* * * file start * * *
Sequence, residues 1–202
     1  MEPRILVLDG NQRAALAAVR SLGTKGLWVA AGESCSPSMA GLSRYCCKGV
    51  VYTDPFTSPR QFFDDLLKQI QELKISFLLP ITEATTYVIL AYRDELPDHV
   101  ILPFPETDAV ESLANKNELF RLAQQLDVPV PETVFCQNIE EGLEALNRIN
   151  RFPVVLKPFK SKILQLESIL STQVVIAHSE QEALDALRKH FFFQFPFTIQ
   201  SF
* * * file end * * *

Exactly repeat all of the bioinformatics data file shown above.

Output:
Sequence, residues 1–202
     1  MEPRILVLDG NQRAALAAVR SLGTKGLWVA AGESCSPSMA GLSRYCCKGV
    51  VYTDPFTSPR QFFDDLLKQI QELKISFLLP ITEATTYVIL AYRDELPDHV
   101  ILPFPETDAV ESLANKNELF RLAQQLDVPV PETVFCQNIE EGLEALNRIN
   151  RFPVVLKPFK SKILQLESIL STQVVIAHSE QEALDALRKH FFFQFPFTIQ
   201  SF